What are we told? Twenty-one days. What for? Not 21 days for people to talk together, but 21 days to allow republicans to build up a case against us. That is what the 21 days are for: 21 days for them to invent or create scenes and to manipulate situations; 21 days to conspire against lawful, legal, law-abiding people; 21 days for thugs who have never given anything to the community and who have no intention of ever giving anything to the community. All they have done is draw out the blood of the community and leave it on the street and laugh when the poor corpses go by. That is the reality—21 days.

There is no doubt that the order will pass, that it will get through tonight, but will it solve the situation? No, it will not. It is another piece of appeasement.

I have this to say on the subject of alcohol. Anyone who knows me knows that I oppose alcohol. I am a teetotaller—I hate the stuff, because I saw enough of it when I was a boy. Is there not rank hypocrisy here? A few months ago, legislation was raced through this House. What for? To extend drinking in Northern Ireland. We were told, "You have not got enough of it, you have not got long enough to do it, you need more time to do it. Not only that, but you have not enough outlets—you'd better get it into every corner shop." It is sickening hypocrisy.

This order might be only a couple of pages long, but it means a lot. It only takes a line on a page to remove a person's liberty altogether, and that is the road this House seems to be taking. God forbid. I did not want to be brought up in China. I was born in the United Kingdom.

1.14 am
Rev. Martin Smyth (Belfast, South)

The hon. Member for Clydebank and Milngavie (Mr. Worthington) pleaded for more action to be taken to put an end to this problem. One of the best ways of doing so would be to change the Anglo-Irish Agreement and the implanting of the Maryfield secretariat in Northern Ireland, which is one of the cancers that has been eroding our community as people have interfered at different levels of government in Northern Ireland. Her Majesty's Government must take the final decision, but time and again they have implemented recommendations from Maryfield, and many people in Northern Ireland are aware of the part played by Maryfield in 1995 and 1996.

The order before us stems from the North report; the Labour Front-Bench team has chided the Government for not fully implementing the recommendations in the report. The North committee was asked to examine the issue of parades. It focused on the loyalist parades, especially the Orange parades. It also moved from the concept of parades to comment on the qualifications of an Orangeman and to accuse the Orange Order of being the cause of sectarianism in Northern Ireland.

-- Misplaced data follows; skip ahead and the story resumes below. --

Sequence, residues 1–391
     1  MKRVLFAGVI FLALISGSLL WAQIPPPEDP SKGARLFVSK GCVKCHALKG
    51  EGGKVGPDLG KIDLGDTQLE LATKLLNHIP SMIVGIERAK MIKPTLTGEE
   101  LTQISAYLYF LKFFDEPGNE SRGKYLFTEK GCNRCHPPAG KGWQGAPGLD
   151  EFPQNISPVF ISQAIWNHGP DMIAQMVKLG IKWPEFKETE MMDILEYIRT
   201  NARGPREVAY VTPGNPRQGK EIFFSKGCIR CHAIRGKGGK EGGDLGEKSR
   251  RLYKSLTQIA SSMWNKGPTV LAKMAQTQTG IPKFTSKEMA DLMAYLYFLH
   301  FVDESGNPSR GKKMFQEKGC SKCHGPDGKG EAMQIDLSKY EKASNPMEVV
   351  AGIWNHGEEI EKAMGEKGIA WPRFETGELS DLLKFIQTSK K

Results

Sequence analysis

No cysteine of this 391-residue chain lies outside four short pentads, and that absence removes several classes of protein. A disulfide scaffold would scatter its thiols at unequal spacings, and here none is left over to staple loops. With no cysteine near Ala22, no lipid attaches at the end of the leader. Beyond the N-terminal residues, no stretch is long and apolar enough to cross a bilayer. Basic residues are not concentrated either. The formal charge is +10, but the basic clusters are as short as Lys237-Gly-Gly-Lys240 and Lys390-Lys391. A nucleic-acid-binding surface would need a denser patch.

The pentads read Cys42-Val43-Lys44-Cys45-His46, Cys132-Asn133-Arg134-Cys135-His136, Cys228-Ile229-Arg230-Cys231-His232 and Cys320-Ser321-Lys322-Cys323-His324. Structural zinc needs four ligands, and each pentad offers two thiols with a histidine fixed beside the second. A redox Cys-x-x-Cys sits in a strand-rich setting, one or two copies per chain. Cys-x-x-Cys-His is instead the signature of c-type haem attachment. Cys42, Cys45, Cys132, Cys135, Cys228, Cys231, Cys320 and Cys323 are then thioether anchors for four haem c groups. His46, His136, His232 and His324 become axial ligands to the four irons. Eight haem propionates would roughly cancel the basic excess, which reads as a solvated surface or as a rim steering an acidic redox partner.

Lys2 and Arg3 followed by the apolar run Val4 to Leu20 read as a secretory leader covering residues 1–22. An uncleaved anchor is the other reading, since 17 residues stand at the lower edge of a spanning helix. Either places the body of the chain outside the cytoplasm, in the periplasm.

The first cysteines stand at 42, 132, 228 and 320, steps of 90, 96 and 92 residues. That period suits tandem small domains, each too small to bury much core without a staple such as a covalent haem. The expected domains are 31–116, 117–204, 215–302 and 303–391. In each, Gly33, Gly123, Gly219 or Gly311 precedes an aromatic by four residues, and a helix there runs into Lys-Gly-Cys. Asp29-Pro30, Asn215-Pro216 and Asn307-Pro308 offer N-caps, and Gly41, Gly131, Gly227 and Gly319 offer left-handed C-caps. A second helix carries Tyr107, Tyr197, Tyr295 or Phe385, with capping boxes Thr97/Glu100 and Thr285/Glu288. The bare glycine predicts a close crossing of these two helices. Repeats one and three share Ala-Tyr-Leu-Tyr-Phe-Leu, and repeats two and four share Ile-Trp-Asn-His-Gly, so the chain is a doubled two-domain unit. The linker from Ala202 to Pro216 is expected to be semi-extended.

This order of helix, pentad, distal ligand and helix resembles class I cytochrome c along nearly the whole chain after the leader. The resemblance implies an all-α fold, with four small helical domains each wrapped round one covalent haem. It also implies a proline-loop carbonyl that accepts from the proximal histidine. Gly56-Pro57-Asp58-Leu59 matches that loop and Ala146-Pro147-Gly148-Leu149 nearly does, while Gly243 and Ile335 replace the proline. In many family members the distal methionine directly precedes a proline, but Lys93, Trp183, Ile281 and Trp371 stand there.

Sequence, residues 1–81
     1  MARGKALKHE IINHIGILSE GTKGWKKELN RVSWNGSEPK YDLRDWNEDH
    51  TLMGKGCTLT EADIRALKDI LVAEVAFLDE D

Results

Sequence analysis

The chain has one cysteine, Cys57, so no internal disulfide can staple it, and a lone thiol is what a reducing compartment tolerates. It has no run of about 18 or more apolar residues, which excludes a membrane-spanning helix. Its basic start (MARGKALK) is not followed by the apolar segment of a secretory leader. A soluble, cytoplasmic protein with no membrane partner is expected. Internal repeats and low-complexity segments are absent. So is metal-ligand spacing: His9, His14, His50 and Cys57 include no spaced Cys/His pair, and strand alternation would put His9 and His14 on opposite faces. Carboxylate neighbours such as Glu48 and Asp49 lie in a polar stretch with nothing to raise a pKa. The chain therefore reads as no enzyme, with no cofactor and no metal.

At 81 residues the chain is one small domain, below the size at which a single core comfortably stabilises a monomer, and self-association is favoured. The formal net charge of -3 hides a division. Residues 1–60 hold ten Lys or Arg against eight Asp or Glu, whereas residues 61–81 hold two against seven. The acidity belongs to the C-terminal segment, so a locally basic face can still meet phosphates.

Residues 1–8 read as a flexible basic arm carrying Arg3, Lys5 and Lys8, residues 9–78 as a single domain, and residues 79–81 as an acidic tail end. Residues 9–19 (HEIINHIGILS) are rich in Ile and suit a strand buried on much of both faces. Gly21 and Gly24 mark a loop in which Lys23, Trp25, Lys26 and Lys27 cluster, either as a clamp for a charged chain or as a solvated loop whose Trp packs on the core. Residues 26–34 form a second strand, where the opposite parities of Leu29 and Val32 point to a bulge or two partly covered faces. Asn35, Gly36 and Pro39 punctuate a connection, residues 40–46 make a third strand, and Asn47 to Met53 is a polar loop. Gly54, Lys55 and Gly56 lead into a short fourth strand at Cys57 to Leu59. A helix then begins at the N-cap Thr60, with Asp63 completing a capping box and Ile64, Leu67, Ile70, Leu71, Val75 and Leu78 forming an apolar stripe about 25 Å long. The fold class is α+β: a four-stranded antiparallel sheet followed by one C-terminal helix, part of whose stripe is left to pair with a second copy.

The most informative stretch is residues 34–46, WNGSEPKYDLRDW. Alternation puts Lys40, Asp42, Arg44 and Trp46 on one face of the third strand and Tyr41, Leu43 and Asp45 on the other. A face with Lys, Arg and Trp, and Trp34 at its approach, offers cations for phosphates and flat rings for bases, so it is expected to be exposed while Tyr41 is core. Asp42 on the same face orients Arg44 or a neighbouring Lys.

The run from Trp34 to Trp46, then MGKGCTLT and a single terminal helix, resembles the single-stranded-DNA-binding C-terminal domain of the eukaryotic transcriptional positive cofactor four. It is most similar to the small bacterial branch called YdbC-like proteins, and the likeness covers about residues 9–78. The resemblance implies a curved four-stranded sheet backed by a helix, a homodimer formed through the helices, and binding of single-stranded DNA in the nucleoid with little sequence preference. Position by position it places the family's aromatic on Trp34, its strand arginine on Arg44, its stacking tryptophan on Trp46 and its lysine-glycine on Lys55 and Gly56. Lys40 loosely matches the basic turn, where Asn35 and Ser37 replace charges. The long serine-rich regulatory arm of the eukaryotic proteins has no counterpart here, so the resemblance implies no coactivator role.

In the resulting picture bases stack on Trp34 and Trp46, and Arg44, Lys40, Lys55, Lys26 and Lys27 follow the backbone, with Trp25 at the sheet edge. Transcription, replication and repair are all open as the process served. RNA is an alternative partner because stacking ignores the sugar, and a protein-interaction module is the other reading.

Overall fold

Although the committee had an Anglican chairman, the report said nothing about the Thirty-Nine Articles; although a committee member was a Presbyterian minister, the report said nothing about the Westminster confession of faith; and although a member was a Roman Catholic priest, the report said nothing about some of the claims of Vatican Council II, even in its modern form, and nothing about the other sectarian claims, which even forbid a person to have communion although they claim to be one with us in other ways. It was strange that the committee went down that road.

On the issue of the number of days' notice, the laughable fact is that it is well known when the Orange parades will be held: every police station has the rotas and times. Only as a result of the introduction of the Public Order (Northern Ireland) Order 1986 was seven days' notice required. We were told that it was requested by the police, and thereafter we abided by it.

We managed at that time to get rid of some of the more obnoxious interference in civil liberties, although we did not get it all dealt with at that time. Interestingly, the Liberal spokesman, the hon. and learned Member for Fife, North-East (Mr. Campbell), visited us to make a plea for civil liberties on prevention of terrorism, but he does not appear to realise that the requirement of seven days' notice interferes with civil liberties.

I am happy to recognise that the Minister's statement earlier showed that the Government are aware that a requirement of 21 days' notice would be unduly restrictive, because it would interfere with many aspects of public life, such as a moment of rejoicing. If a football team won the cup, or if an athlete returned from a foreign sporting event as a champion, there would be a spontaneous welcome, which would be a breach of the Public Order (Northern Ireland) Order 1986. It would be even worse if people had to wait 21 days. The Orange institution has no difficulty with the 21 days from that point of view. Some traditional walks do not go out of their way to provoke people. People can easily remain unprovoked by just staying at home.

I live off the Ormeau road. I cannot see the Ormeau bridge from my house; but some people have such brilliant eyesight that they can see the Ormeau bridge from Dungannon, 40 miles away. They feel provoked, so they come up to prevent loyalists from walking down a main road. Some loyalists take no more than five minutes to walk from the bridge to the Northern Ireland cricket ground—yet that is supposed to amount to provocation.